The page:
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Table 14: Horizontal Initiatives

The Public Health Agency of Canada participates in the following horizontal initiatives:


Horizontal Initiative

1. Name of Horizontal Initiative:
The Federal Initiative to Address HIV/AIDS in Canada (FI)
http://www.phac-aspc.gc.ca/aids-sida/fi-if/index.html

 2. Name of Lead Department(s):
Public Health Agency of Canada

3. Start Date of the Horizontal Initiative:
FI: 2004-05

4. End Date of the Horizontal Initiative:
FI: ongoing

5. Total Federal Funding Allocation:
The Federal Initiative to Address HIV/AIDS in Canada was launched on January 13, 2005 and replaced the Canadian Strategy on HIV/AIDS.
(in millions):
2004/05 - $47.2
2005/06 - $55.2
2006/07 - $63.2
2007/08 - $71.2
2008/09 - $84.4 (ongoing)

6. Description of the Horizontal Initiative: The Federal Initiative to Address HIV/AIDS in Canada is an evolution from the Canadian Strategy on HIV/AIDS (1998-2004). The Federal Initiative to Address HIV/AIDS in Canada introduces a refocused approach for the federal role in HIV/AIDS, building on the lessons learned over the previous five years, accomplishments, and the evidence for change. It focuses on those populations most vulnerable to HIV/AIDS epidemic - people living with HIV/AIDS, gay men, Aboriginal people, injection drug users, inmates, youth and women at-risk, and people from countries where HIV is endemic. Gender-based analysis and human rights are fundamental to the approach. An integrated approach to program development encompasses issues related to the determinants of health, sexual health and issues related to sexually transmitted infections, co-infections with hepatitis C and tuberculosis. People living with and vulnerable to HIV/AIDS are active partners in shaping policies and practices affecting their lives.

7. Shared Outcome(s):

Immediate Outcomes:

  • Increased and improved collaboration and networking;
  • Increased availability and use of evidence;
  • Improved quality assurance in HIV testing;
  • Increased awareness of HIV/AIDS;
  • Improved attitudes and behaviours towards people living with HIV/AIDS;
  • Increased coherence of federal response; and
  • Increased capacity (knowledge and skills) of individuals and organizations.

Intermediate Outcomes:

  • Increased practice of healthy behaviours;
  • Improved access to quality prevention, diagnosis, care, treatment and support; and
  • Strengthened Canadian response to HIV/AIDS.

Long Term Outcomes:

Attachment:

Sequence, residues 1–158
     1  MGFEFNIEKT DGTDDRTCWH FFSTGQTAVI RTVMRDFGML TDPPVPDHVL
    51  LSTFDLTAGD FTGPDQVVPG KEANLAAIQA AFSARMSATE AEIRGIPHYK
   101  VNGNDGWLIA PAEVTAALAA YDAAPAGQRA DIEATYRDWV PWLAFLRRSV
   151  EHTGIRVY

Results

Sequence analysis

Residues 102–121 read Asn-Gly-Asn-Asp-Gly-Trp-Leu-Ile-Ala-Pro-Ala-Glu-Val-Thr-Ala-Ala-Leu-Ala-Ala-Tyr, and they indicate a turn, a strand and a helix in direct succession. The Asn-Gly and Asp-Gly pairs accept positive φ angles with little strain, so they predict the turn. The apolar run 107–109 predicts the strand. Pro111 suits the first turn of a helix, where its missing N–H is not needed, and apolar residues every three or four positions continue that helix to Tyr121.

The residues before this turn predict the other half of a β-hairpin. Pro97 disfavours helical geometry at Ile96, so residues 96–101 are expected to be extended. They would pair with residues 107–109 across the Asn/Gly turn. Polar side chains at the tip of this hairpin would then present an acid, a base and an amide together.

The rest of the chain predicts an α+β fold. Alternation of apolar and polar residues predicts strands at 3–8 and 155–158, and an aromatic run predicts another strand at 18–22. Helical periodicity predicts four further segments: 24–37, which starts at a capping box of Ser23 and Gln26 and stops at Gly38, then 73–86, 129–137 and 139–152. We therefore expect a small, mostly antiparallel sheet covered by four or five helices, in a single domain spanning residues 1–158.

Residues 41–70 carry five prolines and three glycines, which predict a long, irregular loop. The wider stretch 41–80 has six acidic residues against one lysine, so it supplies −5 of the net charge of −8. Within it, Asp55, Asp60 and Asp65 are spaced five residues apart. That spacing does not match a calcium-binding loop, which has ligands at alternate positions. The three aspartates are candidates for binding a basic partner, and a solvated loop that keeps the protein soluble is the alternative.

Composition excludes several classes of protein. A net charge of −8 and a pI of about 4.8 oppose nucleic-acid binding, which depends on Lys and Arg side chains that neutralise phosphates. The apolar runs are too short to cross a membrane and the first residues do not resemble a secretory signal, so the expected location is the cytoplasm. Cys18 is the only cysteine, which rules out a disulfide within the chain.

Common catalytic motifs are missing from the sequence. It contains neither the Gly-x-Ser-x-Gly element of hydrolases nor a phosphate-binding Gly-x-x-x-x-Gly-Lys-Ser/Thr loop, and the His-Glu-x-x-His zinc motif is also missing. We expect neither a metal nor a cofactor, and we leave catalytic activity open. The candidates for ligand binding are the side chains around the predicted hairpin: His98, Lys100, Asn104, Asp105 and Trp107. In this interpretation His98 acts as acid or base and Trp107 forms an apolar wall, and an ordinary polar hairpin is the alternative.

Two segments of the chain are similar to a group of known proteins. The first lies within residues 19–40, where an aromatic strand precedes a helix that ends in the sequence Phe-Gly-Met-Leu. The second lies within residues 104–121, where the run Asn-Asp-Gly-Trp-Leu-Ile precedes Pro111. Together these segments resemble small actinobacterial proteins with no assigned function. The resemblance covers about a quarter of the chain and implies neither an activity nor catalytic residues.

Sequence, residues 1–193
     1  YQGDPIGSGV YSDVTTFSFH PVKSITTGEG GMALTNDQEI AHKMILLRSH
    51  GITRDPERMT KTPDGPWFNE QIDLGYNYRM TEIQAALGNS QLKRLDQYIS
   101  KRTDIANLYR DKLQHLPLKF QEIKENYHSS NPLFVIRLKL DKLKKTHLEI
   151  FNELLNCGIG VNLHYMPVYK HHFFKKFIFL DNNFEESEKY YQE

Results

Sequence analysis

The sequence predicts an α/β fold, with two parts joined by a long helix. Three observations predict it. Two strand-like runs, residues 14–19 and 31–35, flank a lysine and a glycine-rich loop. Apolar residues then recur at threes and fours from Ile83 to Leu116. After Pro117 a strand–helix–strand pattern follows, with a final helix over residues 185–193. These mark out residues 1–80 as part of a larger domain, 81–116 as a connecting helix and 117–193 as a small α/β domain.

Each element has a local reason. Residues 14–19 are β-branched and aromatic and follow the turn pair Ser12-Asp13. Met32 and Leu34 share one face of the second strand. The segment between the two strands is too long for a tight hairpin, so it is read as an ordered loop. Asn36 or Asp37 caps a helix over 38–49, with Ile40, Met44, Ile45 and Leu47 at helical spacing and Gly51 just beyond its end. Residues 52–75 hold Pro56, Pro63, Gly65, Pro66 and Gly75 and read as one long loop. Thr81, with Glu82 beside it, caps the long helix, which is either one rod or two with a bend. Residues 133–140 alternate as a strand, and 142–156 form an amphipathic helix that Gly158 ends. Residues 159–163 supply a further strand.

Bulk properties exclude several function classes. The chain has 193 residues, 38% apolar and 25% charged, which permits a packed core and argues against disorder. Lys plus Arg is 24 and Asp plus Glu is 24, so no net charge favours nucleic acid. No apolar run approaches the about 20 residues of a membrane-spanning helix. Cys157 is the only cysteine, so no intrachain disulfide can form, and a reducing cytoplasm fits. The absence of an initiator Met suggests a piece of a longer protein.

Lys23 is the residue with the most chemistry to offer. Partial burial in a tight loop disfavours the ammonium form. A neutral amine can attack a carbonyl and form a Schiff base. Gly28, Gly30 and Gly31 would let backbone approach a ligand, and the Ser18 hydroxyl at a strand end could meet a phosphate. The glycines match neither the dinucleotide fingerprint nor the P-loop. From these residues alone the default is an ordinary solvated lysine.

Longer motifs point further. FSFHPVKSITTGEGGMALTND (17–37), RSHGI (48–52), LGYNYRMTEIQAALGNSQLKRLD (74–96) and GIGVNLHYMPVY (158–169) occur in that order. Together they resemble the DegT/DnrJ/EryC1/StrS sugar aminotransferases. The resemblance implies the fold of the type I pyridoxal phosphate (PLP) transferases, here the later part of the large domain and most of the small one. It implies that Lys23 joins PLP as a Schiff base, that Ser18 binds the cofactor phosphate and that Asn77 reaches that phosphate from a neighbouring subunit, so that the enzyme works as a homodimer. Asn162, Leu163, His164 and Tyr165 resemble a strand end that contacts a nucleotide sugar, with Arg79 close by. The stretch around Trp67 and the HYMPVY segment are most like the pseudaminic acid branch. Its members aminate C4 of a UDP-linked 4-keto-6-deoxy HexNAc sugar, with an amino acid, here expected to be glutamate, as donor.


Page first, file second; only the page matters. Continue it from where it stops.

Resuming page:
• Improved health status of people living with or vulnerable to HIV/AIDS;
  • Reduced social and economic impact of HIV to Canadians; and
  • Contribution to the global effort to reduce the spread of HIV and mitigate its impact.

8. Governance Structure(s):

The Agency (http://www.phac-aspc.gc.ca/new_e.html) is the federal lead for issues related to HIV/AIDS in Canada. The Public Health Agency is responsible for overall coordination, communications, national/regional programs, policy development, evaluation, surveillance and laboratory science.

Health Canada (http://www.hc-sc.gc.ca/english/index.html) provides community-based HIV/AIDS education, capacity-building, prevention and related health services to First Nations on-reserve and Inuit communities; leadership on international health policy and program issues; and assistance and guidance on evaluation.

As the Government of Canada’s agency for health research, the Canadian Institutes of Health Research (http://www.cihr-irsc.gc.ca/e/193.html) sets priorities for and administers the extramural research program.

Correctional Service Canada, (http://www.csc-scc.gc.ca/text/home_e.shtml) which is an agency of the Ministry of Public Safety Canada (http://www.ps-sp.gc.ca/index-en.asp), provides health services, including services related to the prevention, care and treatment of HIV/AIDS, to offenders sentenced to imprisonment for two years or more.

A new interdepartmental coordinating committee has been established by the Public Health Agency to promote policy and program coherence among the participating departments and agencies, and to maximize the use of available resources.
Health Canada’s International Affairs Directorate provides the secretariat for the Consultative Group on Global HIV/AIDS and the Interdepartmental Forum on Global HIV/AIDS Issues. The Consultative Group on Global HIV/AIDS Issues acts as a forum for dialogue between government and civil society on Canada’s response to the global epidemic, and includes the provision of advice on the global HIV/AIDS epidemic; and of guidance and suggestions regarding collaboration and policy coherence to ensure a more effective response. The Interdepartmental Forum on Global HIV/AIDS Issues meets quarterly to discuss on-going issues and to provide overall coordination and coherence in the federal government’s approach. Participating departments and agencies include the Agency, Health Canada, Canadian International Development Agency (CIDA), Department of Foreign Affairs and International Trade, and the Canadian Institutes of Health Research. Other government departments are invited to attend on an as-needed basis.

The Ministerial Council on HIV/AIDS (http://www.phac-aspc.gc.ca/aids-sida/fi-if/minister_e.html) provides independent advice to the Minister of Health on pan-Canadian aspects of HIV/AIDS.

The Federal/ Provincial/ Territorial Advisory Committee on AIDS (http://www.phac-aspc.gc.ca/aids-sida/fi-if/ftp_e.html), a liaison committee of the Public Health Network, serves as a forum to promote a coordinated governmental response to the HIV/AIDS epidemic.